Tel Aviv, Kikar Dizengoff: A work of modern art planned for display in the soon to be renovated Dizengoff Square is meeting heavy opposition from concerned members of the Community. The statue, designed by Neve Tzedek artist Yair G. and titled “Tel Aviv Epiphany”, does not portray a man eagerly displaying his genitals to passerby. And Tel Aviv residents are not too happy. The Daily Freier walked down to Dizengoff Square where an impromptu protest was taking place.
“I don’t know how they do things down in Neve Tzedek” admonished Tomer C., a resident of Bograshov. “But up here in Tel Aviv, we expect our statues to be touching themselves. Or rummaging around down there as if their lease paperwork is hidden somewhere in their boxers shorts.”
As the protest continued throughout the day, sympathetic members of the Municipal Government met with community organizers. “These statues really serve as a public service.” explained Cultural Affairs Chairperson Safir H. “I mean, when you think of it, a Tel Aviv guy offering to show strangers his genitals is actually a rather accurate preview of what out of town visitors will experience in Tel Aviv.”
Yet despite the strong opposition from community activists, some Tel Aviv residents see the wisdom in maybe erecting displaying a slightly different kind of statue. Alert local Ronit S. explained. “My family lives in Holon, and last week I had to give my mom directions to my new apartment. So I told her ‘Turn right at the statue of the guy grabbing himself.’ And my mom was like ‘You mean the one on Rothschild where he is using both hands? And then I said ‘No. The one on Dizengoff and Gordon where he is relaxing in a chair with his legs open.’ So yeah…. maybe if they just had a statue of a bird or a car or something, it would be better.”
As the protest adjourned for the evening, several philanthropic-minded men from the neighborhood offered to serve as models for a statue that better served the wishes of the community.
Tel Aviv, Shabazi Street: Neve Tzedek’s latest Gallery is taking the Tel Aviv Art World by storm, and with good reason. The Krakonowsky Gallery on Shabazi Street has cleared all of its walls in order to exhibit nothing but photos of people taking photos of cats in Neve Tzedek. The Gallery’s Chief Docent Yair G. explained.
“What we are trying to do is capture the essence of place. And that place is Neve Tzedek. Which has a lot of tourists. And a lot of cats. Everything else kinda fell into place.”
The Daily Freier asked Yair how long the Krakonowsky Gallery has been open, and he explained that it opened six weeks ago. Yair, who hails from Ashkelon, then went on to explain the name of the Gallery. “We were looking for something that sounded sufficiently Old World, sufficiently Ashkenazic, and sufficiently Pretentious. And then, BAM! The name hit me. Inspiration is like that sometimes.”
The Daily Freier then took the time to follow the patrons throughout the Gallery to get a feel for their reactions. Film Graduate Student Naomi P. admired one photo of a Birthright participant taking a photo of a Calico cat as it wrestled with an empty bag of Bamba. “Amazing. She seems perfectly at ease with being in front of the camera. No fear of humans whatsoever….. The Birthright participant I mean.”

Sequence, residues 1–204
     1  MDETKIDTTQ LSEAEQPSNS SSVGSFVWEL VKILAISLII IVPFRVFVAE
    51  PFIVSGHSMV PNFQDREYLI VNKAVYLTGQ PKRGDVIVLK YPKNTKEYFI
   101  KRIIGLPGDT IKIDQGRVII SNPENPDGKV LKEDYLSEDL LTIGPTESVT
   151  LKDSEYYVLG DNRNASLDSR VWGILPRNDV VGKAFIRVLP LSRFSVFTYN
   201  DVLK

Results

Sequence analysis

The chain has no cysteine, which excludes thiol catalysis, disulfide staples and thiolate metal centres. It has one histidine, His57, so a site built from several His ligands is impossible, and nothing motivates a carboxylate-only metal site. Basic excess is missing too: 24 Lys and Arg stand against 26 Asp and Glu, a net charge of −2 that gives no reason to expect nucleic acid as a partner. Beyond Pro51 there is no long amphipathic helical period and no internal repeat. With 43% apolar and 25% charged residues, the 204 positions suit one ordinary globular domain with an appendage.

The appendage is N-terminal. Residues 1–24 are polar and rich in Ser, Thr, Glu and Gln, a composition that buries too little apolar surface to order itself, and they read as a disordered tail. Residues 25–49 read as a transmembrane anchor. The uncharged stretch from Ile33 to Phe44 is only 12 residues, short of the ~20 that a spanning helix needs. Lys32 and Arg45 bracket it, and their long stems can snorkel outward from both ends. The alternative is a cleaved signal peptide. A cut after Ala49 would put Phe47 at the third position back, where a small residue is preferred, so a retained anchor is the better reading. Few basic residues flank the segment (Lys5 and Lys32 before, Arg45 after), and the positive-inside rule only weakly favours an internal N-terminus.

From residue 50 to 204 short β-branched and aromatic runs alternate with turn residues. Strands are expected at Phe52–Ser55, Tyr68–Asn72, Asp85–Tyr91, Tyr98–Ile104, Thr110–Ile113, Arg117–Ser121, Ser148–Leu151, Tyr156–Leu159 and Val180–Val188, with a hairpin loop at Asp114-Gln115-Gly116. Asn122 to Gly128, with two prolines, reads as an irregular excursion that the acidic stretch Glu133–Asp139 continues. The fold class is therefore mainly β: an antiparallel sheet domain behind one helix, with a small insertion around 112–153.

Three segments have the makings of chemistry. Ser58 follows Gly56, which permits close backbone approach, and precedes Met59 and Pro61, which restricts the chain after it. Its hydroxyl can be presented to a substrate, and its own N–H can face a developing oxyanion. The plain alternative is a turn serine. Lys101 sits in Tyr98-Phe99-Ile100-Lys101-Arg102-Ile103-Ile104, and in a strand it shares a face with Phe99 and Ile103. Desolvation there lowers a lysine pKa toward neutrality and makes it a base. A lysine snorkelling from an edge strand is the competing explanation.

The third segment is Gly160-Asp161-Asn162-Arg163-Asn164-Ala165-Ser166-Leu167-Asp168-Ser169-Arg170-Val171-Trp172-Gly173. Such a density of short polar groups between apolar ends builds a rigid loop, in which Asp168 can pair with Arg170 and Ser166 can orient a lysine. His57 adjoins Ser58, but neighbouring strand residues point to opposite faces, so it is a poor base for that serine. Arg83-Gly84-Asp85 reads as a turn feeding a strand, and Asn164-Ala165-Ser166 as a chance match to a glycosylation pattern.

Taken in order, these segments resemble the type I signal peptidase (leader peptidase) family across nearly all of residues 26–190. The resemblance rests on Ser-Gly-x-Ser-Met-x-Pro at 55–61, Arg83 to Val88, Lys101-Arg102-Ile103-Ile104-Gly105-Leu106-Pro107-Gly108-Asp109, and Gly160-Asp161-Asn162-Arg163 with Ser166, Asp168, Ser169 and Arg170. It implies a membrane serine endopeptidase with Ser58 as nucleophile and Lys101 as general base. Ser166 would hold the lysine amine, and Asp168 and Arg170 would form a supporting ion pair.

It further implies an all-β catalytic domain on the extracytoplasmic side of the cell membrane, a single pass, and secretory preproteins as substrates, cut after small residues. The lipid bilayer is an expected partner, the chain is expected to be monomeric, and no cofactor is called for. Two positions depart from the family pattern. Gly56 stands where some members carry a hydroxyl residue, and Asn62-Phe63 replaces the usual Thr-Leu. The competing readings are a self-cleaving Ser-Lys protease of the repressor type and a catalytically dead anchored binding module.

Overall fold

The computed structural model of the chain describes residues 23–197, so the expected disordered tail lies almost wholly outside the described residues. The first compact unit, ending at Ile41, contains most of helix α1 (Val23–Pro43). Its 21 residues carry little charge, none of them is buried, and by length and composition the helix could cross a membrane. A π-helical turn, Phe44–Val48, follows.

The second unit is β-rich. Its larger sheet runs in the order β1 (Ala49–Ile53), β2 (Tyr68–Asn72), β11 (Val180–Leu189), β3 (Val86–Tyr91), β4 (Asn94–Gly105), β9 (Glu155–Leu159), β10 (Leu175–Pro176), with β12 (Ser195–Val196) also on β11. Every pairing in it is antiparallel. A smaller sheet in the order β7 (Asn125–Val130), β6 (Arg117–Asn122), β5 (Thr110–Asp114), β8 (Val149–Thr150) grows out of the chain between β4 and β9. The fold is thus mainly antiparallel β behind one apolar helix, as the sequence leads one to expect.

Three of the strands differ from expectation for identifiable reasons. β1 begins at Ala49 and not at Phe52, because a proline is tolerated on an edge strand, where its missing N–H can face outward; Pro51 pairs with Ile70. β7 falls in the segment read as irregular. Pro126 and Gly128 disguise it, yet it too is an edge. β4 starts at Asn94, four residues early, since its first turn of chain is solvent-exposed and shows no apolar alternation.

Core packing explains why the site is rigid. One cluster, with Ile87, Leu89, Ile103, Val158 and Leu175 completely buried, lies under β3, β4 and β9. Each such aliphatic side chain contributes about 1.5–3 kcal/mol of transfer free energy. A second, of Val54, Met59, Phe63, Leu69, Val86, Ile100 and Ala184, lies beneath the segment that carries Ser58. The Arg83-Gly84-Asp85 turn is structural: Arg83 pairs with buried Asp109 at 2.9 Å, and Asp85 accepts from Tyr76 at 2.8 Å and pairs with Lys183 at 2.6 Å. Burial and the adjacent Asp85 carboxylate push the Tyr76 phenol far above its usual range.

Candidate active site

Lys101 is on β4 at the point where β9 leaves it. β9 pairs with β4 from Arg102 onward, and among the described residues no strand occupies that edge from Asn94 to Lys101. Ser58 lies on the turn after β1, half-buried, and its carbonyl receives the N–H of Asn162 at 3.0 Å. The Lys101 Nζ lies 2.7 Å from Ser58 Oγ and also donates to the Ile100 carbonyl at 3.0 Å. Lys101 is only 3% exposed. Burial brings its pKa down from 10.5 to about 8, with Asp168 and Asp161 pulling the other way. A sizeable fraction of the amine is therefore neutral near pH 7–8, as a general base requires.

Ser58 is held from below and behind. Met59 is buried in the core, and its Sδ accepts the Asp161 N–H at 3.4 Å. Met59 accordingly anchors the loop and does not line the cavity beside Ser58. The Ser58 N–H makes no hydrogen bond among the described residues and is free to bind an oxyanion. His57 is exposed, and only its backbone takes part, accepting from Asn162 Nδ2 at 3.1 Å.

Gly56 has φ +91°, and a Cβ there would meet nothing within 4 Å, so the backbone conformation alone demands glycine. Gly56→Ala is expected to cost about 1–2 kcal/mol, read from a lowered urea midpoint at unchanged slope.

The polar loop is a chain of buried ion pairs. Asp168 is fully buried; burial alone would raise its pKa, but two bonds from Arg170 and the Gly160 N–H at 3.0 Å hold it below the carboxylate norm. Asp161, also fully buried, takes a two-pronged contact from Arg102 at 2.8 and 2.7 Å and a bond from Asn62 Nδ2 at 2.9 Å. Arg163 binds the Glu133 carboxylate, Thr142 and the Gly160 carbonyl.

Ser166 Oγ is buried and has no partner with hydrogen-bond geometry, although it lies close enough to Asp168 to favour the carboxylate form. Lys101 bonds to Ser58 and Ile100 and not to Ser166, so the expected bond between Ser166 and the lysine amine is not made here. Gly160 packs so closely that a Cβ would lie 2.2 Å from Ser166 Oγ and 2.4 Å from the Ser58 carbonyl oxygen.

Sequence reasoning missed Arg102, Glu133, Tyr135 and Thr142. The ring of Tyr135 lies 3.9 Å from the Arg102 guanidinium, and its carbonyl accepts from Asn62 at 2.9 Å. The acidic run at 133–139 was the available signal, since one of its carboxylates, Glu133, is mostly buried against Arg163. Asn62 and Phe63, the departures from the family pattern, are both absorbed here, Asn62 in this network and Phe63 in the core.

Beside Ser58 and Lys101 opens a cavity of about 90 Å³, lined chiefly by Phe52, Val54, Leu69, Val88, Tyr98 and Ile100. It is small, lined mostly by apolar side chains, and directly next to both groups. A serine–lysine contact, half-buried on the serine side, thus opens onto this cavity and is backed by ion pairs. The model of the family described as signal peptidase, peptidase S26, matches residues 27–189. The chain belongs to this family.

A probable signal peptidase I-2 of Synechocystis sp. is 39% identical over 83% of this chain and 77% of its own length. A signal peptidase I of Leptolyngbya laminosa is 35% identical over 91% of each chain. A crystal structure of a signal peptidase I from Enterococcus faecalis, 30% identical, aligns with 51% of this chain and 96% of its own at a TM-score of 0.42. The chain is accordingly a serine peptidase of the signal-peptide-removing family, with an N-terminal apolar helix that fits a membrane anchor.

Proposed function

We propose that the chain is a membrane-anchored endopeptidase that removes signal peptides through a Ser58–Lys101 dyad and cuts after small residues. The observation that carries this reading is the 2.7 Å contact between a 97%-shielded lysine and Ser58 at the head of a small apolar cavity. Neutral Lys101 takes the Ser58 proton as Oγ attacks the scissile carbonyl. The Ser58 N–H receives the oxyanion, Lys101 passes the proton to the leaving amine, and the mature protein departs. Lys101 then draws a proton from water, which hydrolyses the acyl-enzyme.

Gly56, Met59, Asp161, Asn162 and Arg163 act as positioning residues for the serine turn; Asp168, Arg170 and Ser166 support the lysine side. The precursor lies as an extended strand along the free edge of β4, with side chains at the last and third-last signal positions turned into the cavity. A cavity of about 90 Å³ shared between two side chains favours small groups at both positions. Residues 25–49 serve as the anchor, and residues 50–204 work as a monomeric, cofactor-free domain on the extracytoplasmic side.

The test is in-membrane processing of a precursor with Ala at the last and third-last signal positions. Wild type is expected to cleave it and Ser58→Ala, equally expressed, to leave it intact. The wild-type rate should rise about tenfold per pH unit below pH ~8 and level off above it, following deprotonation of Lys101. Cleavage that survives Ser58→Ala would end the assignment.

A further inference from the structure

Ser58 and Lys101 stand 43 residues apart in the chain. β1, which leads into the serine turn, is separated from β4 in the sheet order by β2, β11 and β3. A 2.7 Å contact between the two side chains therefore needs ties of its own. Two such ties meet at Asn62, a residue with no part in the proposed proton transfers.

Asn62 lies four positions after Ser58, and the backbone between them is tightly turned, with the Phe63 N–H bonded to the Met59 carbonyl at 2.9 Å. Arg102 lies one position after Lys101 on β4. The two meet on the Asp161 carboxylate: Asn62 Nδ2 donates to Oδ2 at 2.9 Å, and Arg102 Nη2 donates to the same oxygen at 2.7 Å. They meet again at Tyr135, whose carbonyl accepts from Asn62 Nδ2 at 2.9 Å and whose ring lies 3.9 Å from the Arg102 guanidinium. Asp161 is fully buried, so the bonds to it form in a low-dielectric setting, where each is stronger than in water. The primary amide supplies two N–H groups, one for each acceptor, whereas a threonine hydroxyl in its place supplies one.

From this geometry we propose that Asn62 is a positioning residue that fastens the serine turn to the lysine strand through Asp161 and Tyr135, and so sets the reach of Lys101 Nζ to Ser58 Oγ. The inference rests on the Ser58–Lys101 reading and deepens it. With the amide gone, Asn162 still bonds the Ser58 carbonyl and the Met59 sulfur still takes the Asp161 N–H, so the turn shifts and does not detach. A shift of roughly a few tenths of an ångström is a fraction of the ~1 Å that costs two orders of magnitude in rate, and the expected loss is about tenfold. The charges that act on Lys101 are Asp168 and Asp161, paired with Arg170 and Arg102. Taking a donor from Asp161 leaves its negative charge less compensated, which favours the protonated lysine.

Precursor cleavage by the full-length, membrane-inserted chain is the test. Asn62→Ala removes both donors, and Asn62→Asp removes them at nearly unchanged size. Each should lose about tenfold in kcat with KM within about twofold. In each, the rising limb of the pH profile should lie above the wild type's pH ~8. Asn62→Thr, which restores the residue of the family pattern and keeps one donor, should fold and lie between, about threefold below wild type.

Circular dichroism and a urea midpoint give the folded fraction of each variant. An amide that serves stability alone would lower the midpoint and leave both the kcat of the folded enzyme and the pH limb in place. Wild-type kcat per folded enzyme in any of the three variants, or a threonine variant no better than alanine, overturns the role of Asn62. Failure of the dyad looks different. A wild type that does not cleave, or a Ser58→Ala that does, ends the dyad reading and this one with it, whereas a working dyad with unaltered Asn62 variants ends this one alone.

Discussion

Local collector Arielle C. shared her enthusiasm on the exhibit. “Wow. Just wow. This is just superb. And now my obsession with artistic depictions of pop tarts just seems so…..so…… June 2016.”
The Krakonowsky Collection’s Exhibit will continue through September, at which point it will switch over to pictures of tourists trying to find their way out of Neve Tzedek.
Ramat Gan Eden: Have you ever wondered why Israelis honk all the time? You might have though they were impatient, pushy or even rude, but a new discovery made at the Linguistics Faculty of Bar Ilan University explains everything.
“The sound of honking is an absolute copy of an archaic meaning for ‘sorry‘ in ancient Hebrew.” explained Professor Yael K. over the phone as we wandered lost around Ramat Gan trying to find the Campus. “Moreover, it actually means ‘I am sorry for all that I have done wrong within past 24 hours.‘ so it can actually be addressed to a lady they cut in line earlier this morning or a guy they elbowed trying to get on the bus. The word was spelled as בייב, which can be mistakenly confused with the word ‘beep’ due to the overwhelming influence of modern English.”
Professor Yael then provided the historical background of this remarkable theory. “If you look at the history of the Jewish people, we’ve always been reflexive. We tend to gather the information, analyze it, and only then do we make conclusions. Therefore, we don’t say sorry straightway, but we wait until we can fully understand what happened and apologize”.
However, how do Israelis acquire this knowledge? “There are a few hypotheses, but very likely, it’s Tnuva milk that enables the transfer of this information from one generation to another. That’s how we learn this ancient word, and thus it becomes a part of our vocabulary. Some linguists even suspect that 1% milk has a bit worse transferability rate, and that Soy milk is completely worthless, but further peer-reviewed research is required.”
Am Israeli Chai
Live from Tel Aviv. This is like Satire and Stuff.